About This Item

Unique ID Code: 0000177048
Added by: Jitendar Canth
Added on: 5/12/2016 17:30
View Changes

Videos and Info
  • Log in to Add Videos, Interviews, Etc
  • This article is lonely!

    Item Images

    This item has no attached images.

    Anime Review Roundup

    Inline Image
    Would you believe that I have seen the original Fullmetal Alchemist six times now, the last time barely two years ago? There’s an argument that familiarity breeds contempt, or conversely that you lose all objectivity with the things that you love the most. That could be the reason why I passed the Blu-ray check discs for Fullmetal Alchemist: Collector’s Edition Part 1 to Stuart McLean, but the truth of the matter is that I have the behemoth of the Ultimate Edition on my shelf, and I’m just waiting for the free time to watch it again, for the seventh time. Fullmetal Alchemist is one of the best anime that you’ll see, the epic tale of two brothers, who dabbling in alchemy, break the ultimate taboo in a failed attempt to resurrect their late mother, and Edward Elric winds up losing his limbs while younger brother Alphonse is totally disembodied. The story follows them in a fictional alternate Europe as they search for a way to restore their bodies. This is the first attempt to tell the story, before Hiromu Arakawa’s manga was complete, and it has a completely anime original second half and ending. And heresy of heresies, I believe it’s even better than the brilliant and faithful subsequent Brotherhood adaptation. Read Stuart’s review to see what he thinks.




    Inline Image
    My first review of the week was for Fairy Tail: Part 10. Fairy Tail makes its return to the UK after nearly two years absence, following a disappointingly lacklustre damp squib of a final release from Manga Entertainment. This time it’s Funimation who are bringing the series directly to the UK, and some may feel the lack of Blu-ray. I on the other hand was feeling the lack of continuity, having to play catch up with the story and the characters after two years, feeling a little lost with the whole thing. To my surprise, it didn’t take long for me to get back into the Fairy Tail groove, and to my even greater surprise, this turned out to be the best volume of Fairy Tail so far.




    Inline Image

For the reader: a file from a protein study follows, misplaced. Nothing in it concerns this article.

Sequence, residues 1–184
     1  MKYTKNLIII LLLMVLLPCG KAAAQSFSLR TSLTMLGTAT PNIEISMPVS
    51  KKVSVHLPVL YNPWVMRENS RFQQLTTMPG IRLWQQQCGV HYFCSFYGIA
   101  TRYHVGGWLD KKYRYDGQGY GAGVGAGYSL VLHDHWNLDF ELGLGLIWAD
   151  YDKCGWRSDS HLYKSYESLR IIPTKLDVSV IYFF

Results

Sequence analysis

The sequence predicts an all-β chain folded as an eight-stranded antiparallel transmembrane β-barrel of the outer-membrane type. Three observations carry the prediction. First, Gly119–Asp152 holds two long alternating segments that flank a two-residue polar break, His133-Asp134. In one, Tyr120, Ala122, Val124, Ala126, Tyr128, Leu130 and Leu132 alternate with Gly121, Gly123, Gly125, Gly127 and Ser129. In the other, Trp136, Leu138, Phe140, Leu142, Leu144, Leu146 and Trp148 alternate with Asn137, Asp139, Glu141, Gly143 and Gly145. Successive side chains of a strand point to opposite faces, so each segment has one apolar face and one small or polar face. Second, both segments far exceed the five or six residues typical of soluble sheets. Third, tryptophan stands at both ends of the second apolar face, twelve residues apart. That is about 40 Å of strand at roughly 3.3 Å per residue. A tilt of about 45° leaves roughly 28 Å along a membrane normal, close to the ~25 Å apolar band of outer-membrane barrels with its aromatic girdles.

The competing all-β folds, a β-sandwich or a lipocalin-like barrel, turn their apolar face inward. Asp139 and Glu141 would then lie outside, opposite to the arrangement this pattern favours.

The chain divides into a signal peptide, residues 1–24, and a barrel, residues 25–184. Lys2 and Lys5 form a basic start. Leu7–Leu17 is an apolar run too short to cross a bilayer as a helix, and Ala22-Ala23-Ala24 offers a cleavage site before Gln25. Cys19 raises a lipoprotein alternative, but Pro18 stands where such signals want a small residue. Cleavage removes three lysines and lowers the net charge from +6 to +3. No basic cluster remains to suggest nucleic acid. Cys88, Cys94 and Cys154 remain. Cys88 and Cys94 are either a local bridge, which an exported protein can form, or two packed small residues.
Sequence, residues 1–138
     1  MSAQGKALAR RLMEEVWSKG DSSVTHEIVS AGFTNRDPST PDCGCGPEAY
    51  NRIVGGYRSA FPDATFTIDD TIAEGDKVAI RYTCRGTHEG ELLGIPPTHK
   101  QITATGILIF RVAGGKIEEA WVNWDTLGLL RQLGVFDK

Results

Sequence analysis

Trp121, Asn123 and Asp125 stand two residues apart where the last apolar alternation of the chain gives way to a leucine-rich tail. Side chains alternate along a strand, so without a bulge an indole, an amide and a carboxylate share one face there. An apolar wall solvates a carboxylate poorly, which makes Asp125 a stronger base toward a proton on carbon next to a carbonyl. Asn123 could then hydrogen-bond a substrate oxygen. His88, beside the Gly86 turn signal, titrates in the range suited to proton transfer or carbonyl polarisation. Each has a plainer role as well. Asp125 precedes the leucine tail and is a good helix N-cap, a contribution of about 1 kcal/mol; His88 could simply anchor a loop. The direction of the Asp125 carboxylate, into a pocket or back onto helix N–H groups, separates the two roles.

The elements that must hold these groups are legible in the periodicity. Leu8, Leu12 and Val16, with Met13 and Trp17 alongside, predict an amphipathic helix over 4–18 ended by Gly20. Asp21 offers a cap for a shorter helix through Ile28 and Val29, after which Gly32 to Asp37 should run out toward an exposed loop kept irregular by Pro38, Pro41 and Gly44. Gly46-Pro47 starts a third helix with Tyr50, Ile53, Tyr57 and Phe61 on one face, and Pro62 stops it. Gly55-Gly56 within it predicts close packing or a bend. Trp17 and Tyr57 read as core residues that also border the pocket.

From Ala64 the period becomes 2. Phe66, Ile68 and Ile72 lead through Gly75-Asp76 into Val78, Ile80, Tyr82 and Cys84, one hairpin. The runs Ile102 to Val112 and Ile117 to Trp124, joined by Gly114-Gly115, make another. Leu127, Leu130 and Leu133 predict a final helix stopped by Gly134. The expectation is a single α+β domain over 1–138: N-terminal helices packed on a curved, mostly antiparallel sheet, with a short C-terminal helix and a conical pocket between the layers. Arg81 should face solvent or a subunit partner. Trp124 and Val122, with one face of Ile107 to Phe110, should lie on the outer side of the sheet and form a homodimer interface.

If there’s one thing that UK anime fans have been voluble about, it’s the relative paucity of Gundam releases here. There have been loads in the US since it was re-licensed for release, but we in the UK have only had the original Mobile Suit Gundam thus far. Well, not to worry as there is more giant robot action here at last in the form of Gundam Reconguista in G. Only this might not be the Gundam that you’re looking for. The creator of the show Yoshiyuki Tomino returns to reboot the franchise, giving it a Next Generation feel by setting it a thousand years after the Universal Century era. There’s none of the baggage of the old, only the wealth of that mythology to build on, but while the show looks fantastic, it has more than few issues. Click on the review to see just what they are.




    Inline Image
    Let’s step away from Japanese animation for a moment, and head westwards, as to close off the week, I took a look at the French animation, Asterix: The Mansions of the Gods. I’m an Asterix fan of old, although I have usually been disappointed by the animated versions of the books, which lacked the energy, wit, and satire of the graphic novels. The Asterix animations have finally caught up with the 21st Century, and this time the animation is 3D CGI, and that makes half of the difference. The other half comes from the novel that they adapt, as The Mansions of the Gods is one of the most blatantly satirical of the Asterix stories, and try as you might, you can’t lose all of that in translation.



    This Week I’ve Been Mostly Rewatching...

    Inline Image
    The Big O. I initially had a big problem with giant robot anime, not helped by the Saturday morning Power Rangers slot. There’s only so much you can take of giant robots fighting each other with an episodic regularity, and a city getting trashed each week. It took a while for me to get on board with the genre, and that was helped by shows that offered character, nuance and dimension beyond the basic giant robot clichés. You can’t get more dimensioned than The Big O, which has an animation style that owes a lot to Batman, a theme song that blatantly plagiarises Queen, is infused with oodles of film noir, and has a city-wide amnesia back-story that makes each episode a compelling watch. This is one of those shows that didn’t quite make a hit in its native Japan, but on the strength of its US popularity alone, it got a second season commissioned.



    The Big O got an Anime Legends release from Beez Entertainment back in 2010, and despite that company’s closure, and the Sony DADC fire in the riots that wiped out much of their inventory, you can still pick up a copy of The Big O from that South American river of an e-tailer, although it does seem a little hard to find elsewhere. Second hand might be a better bet. Unfortunately Season 2 was never released here in the UK, and it too is deleted in the US. You’ll have to look around to complete the collection. Here’s my review of that first series to be getting on with.

    Anime Limited released Fullmetal Alchemist Part 1: Collector’s Edition on Blu-ray last Monday while the Ultimate Edition is still available. They also released Gundam Reconguista in G on Blu-ray back on November 7th. Funimation release Fairy Tail Part 10 on DVD today. Kaleidoscope Home Entertainment will release Asterix: The Mansions of the Gods on DVD and on 3D/2D Blu-ray next Monday 12th December.

    Your Opinions and Comments

    Be the first to post a comment!